Just weeks after Equifax announced a massive data breach, the company announced CEO Richard Smith would retire. One partner said that Smith's retirement shows that blame and responsibility need to fall on top executives and boards of directors for major security lapses.
The departure is effective immediately, Equifax said, though Smith will remain as an unpaid advisor to the company. The company has appointed Paulino do Rego Barros, Jr. – the former president of Asia Pacific for the company – as interim CEO. Equifax said the search is already underway for a permanent CEO.
The change in leadership comes less than a month after the credit services company announced a mega data breach that impacted 143 million of its customers.
The breach included information on names, birth dates, Social Security numbers, addresses, and some driver's license numbers. It also included more than 200,000 credit card numbers and nearly 200,000 other documents with personal identifying information. The breach was first discovered on July 29, the company said and was due to a vulnerability in a U.S. website application, which allowed hackers access to certain files.
Since then, the company has faced significant criticism for its data breach response, including customers having a tough time finding out if they were impacted by the breach, posting a link to a phishing site multiple times on its Twitter account, and only a year's worth of credit monitoring services offered to those affected.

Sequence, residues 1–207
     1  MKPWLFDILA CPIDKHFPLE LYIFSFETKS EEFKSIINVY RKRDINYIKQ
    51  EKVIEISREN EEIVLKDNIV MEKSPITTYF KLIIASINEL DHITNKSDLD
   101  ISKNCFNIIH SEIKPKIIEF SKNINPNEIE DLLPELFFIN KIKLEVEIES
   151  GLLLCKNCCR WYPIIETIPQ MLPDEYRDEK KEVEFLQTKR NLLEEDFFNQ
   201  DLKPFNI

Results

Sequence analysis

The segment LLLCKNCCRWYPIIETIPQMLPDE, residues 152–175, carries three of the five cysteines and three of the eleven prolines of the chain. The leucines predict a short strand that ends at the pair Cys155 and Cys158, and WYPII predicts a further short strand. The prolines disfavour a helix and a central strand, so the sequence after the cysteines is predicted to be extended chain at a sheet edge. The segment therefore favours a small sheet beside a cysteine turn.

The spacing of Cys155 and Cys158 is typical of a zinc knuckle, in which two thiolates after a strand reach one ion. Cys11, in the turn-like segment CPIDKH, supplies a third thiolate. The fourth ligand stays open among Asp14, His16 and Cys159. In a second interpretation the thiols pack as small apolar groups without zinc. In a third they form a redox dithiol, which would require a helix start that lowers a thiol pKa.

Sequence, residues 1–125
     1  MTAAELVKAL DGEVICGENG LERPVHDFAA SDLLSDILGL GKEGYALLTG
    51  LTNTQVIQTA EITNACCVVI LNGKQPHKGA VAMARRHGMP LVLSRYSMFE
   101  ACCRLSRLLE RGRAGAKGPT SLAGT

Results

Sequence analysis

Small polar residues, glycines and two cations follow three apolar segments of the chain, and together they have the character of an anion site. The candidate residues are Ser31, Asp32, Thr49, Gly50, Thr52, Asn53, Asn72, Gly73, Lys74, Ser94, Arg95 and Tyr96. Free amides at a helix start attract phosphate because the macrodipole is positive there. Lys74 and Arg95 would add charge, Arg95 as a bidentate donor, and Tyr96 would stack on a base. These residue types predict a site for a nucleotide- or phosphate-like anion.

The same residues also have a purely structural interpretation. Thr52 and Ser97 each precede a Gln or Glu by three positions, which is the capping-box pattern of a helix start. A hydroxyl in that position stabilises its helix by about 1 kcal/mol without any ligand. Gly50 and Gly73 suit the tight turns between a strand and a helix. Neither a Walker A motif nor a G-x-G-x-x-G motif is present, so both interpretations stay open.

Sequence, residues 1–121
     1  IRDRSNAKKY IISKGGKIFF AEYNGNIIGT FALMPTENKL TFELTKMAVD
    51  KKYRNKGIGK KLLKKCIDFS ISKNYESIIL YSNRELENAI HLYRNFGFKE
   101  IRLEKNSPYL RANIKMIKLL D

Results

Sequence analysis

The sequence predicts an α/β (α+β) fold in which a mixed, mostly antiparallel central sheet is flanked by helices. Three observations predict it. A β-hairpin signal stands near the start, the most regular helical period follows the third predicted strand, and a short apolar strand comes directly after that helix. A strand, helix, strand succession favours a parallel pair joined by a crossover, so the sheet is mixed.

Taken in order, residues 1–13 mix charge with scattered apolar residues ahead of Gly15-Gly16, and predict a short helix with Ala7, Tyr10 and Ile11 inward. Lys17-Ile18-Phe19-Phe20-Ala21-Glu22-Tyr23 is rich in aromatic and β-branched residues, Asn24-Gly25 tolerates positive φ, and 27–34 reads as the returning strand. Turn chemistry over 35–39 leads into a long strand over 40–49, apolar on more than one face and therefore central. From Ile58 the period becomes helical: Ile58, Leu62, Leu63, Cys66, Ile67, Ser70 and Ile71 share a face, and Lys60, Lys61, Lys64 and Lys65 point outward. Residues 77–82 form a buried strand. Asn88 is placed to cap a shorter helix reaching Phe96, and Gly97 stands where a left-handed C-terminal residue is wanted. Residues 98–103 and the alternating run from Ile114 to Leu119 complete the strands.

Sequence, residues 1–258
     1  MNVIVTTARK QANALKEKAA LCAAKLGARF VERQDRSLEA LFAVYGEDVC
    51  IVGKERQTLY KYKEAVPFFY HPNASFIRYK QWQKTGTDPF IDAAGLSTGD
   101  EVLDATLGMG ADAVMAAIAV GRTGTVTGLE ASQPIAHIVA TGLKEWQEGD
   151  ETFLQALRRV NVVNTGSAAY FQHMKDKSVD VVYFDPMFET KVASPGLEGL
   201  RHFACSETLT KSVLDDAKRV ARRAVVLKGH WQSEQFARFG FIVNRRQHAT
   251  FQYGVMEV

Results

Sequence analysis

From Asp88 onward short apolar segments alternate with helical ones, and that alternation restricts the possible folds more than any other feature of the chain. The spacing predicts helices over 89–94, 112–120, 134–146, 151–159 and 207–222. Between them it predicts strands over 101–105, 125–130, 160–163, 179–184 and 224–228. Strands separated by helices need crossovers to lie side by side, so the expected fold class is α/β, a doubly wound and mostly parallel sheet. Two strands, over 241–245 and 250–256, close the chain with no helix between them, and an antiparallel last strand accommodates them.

"The Board remains deeply concerned about and totally focused on the cybersecurity incident. We are working intensely to support customers and make the necessary changes to minimize the risk that something like this happens again. Speaking for everyone on the Board, I sincerely apologize. We have formed a Special Committee of the Board to focus on the issues arising from the incident and to ensure that all appropriate actions are taken," Non-Executive Chairman of the Board of Directors Mark Feidler said in a statement issued 150 days after the security breach.
The departure is just the latest example of a CEO departure after a major security incident. In the last five years, several CEOs have left companies following security breaches, including Target CEO Gregg Steinhafel, Home Depot CEO Frank Blank, Sony Pictures CEO Amy Pascal, Ashley Madison CEO Noel Biderman, OPM Director Katherine Archuleta.
Equifax CSO David Webb and CIO Susan Mauldin also retired shortly after this incident.
Jeremy Wittkop, CTO of Greenwood Village, Co.-based InteliSecure, said boards of directors and CEOs are getting pulled into paying attention to security whether they like it or not. "If it's affecting shareholder value, it's the CEO's responsibility," Wittkop said. "It's like in the military: the general may not be on the battlefield, but he's responsible for what happens there."
I think the accountability is falling where it belongs. You have something massive like this, and it happens on your watch: if you didn't know about it, you should have," he said.
However, Wittkop said he doesn't think the retirement of CEO Smith means the Equifax story is over. He said he expects more information to come out as the investigation continues into the incident.
Beyond that, he said the breach would likely cause a ripple effect on regulation, the use of identifiers like Social Security numbers, and how companies approach security prevention and response.